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STR for biceps brachii

This is an excerpt from Soft Tissue Release by Jane Johnson.

Biceps Brachii

Passive STR

Step 1: With your client in supine and his elbow passively flexed, lock in gently to the biceps brachii, taking up slack in the skin as you direct your pressure towards the armpit.

Step 2: Gently extend the elbow whilst maintaining your lock.

Step 3: Work from the proximal end of the muscle near the shoulder joint towards the elbow. Avoid pressure into the cubital fossa, at the anterior of the elbow.

Advantages This is an easy form of STR to apply because the biceps do not usually require a firm lock. Because you can use this technique with your client in supine, this is a relatively easy stretch to incorporate into a holistic massage.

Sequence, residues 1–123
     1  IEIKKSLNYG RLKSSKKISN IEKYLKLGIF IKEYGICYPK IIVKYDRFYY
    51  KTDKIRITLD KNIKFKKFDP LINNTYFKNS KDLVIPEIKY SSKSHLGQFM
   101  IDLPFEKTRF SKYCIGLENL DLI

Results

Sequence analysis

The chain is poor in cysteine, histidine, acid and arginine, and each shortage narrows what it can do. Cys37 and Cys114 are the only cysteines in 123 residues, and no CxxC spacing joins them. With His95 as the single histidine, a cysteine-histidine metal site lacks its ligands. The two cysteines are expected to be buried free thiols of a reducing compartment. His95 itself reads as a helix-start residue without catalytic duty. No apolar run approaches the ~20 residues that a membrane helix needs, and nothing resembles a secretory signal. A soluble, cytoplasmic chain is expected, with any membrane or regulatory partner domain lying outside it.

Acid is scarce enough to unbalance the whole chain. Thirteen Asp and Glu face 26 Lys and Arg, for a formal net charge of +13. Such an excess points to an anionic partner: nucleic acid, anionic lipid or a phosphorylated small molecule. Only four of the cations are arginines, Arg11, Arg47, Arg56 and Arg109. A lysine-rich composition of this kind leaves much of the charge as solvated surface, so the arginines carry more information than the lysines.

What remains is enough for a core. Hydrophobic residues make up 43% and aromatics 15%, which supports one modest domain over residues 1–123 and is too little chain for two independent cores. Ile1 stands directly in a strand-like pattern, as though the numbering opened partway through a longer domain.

Disadvantage It may be difficult to fix large, bulky biceps due to their cylindrical shape.

Active STR

Step 1: With your arm in flexion, gently grip your biceps muscle.

Step 2: Gently extend your elbow whilst maintaining your grip.

Applying STR to the biceps brachii feels good after any activity involving prolonged or repetitive elbow flexion, such as rowing, digging or carrying.

Advantage This is an easy stretch to apply.

Disadvantages It is difficult to apply a small lock actively; therefore, it is challenging to localize the stretch to specific tissues. • It is difficult to direct your pressure towards the shoulder and take up slack in the tissues to get a better stretch.


This is an excerpt from Soft Tissue Release.